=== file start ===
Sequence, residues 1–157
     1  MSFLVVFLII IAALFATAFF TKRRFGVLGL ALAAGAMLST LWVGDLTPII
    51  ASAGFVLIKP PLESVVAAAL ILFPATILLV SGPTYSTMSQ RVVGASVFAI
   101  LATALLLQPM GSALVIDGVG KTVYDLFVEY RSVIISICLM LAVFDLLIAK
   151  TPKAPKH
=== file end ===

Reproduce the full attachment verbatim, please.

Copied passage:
Sequence, residues 1–157
     1  MSFLVVFLII IAALFATAFF TKRRFGVLGL ALAAGAMLST LWVGDLTPII
    51  ASAGFVLIKP PLESVVAAAL ILFPATILLV SGPTYSTMSQ RVVGASVFAI
   101  LATALLLQPM GSALVIDGVG KTVYDLFVEY RSVIISICLM LAVFDLLIAK
   151  TPKAPKH